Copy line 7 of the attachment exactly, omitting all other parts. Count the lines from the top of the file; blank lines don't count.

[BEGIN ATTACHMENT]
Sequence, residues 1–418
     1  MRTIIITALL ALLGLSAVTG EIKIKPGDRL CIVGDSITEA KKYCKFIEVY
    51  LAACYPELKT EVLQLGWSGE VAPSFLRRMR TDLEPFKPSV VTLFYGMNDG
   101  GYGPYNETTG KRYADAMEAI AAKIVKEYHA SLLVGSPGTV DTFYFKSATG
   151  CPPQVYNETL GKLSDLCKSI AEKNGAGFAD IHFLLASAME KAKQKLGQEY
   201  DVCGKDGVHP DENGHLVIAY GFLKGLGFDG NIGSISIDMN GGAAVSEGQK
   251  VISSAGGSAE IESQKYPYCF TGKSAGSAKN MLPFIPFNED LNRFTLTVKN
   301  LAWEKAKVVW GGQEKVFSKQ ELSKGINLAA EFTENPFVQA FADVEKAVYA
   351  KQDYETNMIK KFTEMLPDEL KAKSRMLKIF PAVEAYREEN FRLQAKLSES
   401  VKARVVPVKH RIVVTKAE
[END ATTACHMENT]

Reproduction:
   251  VISSAGGSAE IESQKYPYCF TGKSAGSAKN MLPFIPFNED LNRFTLTVKN